Unquestionably Ireland’s most atmospheric medieval city, KILKENNY straddles the broad River Nore, doglegging past its imposing castle. Kilkenny’s medieval layout is centred on its hill and extravagant castle. Downhill from here the wide Parade leads down to the High Street, the main shopping district. This wends its way to the city’s other main landmark, the well-preserved, medieval St Canice’s Cathedral with its climbable round tower, en route passing Rothe House, architecturally impressive evidence of the city’s Tudor wealth. North of the city the major attraction is the strange calcite formations of Dunmore Cave.
The first known settlement at Kilkenny is believed to have been a sixth-century monastic community founded by St Canice (Cill Chainnigh means “the church of Canice”). After the arrival of the Anglo-Normans, Strongbow erected a motte and bailey fort, overlooking the Nore, in 1172, which was later replaced with a stone structure by his son-in-law, William, the Earl Marshal. The latter also built a city wall and towers and forced the local population to live outside its boundaries in an area still known as “Irishtown” today. Subsequently, the city’s ownership passed through various hands, before James Butler, the third Earl of Ormonde, purchased the demesne in 1391.
Following the 1641 Rebellion, Kilkenny became the focus for the Catholic Confederation, an unlikely alliance of royalists loyal to Charles I and Irish landowners dispossessed by the Plantation. This established a parliament in Kilkenny, aimed at attaining Irish self-government and, in the process, restoring the rights of Catholics. However, its powers were short-lived, and, after Cromwell’s arrival in 1650, the city’s prosperity began to wane.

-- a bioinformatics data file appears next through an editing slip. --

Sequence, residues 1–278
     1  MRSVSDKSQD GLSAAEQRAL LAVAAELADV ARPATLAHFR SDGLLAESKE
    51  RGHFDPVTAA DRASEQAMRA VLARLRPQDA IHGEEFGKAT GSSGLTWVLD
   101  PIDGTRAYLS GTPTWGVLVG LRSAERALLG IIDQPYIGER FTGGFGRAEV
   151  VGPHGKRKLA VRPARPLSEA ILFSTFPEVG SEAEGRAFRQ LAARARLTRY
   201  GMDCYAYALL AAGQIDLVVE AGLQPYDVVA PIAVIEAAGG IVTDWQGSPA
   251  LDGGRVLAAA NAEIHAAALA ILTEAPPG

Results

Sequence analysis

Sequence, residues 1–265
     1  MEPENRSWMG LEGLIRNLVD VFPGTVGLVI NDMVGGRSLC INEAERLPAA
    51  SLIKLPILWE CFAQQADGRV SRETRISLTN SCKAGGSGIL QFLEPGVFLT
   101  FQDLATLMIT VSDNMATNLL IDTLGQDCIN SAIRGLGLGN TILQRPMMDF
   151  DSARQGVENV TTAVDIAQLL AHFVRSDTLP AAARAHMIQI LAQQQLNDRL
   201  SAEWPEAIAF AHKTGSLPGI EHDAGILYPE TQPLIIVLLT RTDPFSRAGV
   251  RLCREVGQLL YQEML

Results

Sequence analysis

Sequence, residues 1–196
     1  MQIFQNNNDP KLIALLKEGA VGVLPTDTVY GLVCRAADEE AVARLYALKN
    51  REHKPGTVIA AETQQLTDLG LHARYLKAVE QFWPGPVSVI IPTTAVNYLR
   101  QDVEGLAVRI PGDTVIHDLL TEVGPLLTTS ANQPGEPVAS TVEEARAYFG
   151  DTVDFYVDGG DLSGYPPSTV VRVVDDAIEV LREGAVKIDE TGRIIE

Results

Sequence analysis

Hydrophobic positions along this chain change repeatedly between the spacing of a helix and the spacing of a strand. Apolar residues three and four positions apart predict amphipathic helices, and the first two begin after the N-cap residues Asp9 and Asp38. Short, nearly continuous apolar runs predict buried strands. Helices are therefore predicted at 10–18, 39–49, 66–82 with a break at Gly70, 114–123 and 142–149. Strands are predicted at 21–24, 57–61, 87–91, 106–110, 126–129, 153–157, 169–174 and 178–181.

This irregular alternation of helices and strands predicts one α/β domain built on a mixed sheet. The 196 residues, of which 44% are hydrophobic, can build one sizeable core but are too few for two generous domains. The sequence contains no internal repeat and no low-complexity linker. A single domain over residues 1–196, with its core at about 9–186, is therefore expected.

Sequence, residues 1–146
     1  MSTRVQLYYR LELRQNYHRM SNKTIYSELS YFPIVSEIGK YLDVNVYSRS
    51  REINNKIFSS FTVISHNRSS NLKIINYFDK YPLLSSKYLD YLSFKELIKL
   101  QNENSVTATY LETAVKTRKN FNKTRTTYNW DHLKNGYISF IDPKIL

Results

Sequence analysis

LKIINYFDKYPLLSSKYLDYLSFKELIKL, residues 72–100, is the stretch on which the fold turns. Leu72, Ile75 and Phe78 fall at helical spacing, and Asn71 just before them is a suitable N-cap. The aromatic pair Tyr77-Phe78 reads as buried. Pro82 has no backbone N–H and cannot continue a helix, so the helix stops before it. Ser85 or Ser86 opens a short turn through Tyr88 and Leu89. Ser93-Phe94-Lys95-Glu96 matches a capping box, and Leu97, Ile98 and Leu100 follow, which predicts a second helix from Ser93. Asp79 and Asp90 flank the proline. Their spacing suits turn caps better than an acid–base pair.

Nonetheless, nowadays Kilkenny still possesses an undoubted grandeur, largely untarnished by inappropriate modern building developments and, thanks to its castle and numerous other sights, as well as a lively nightlife and cultural scene, has become an integral part of the Irish tourist trail.Read More
Northern County Kilkenny lacks instant appeal, the main focus of interest being Dunmore Cave, 10km north of the city off the N78. Formed in a limestone outcrop of the Castlecomer plateau, Dunmore’s series of chambers feature numerous beautiful calcite creations – curtains and crystals, stalactites and stalagmites; the most remarkable of the last stands some four and a half metres high. The cave is referenced in the Annals of the Four Masters, which recounts that the Vikings massacred a thousand people here in 928, a tale partially substantiated in 1967 when excavations uncovered the skeletons of more than forty women and children, and a Viking coin.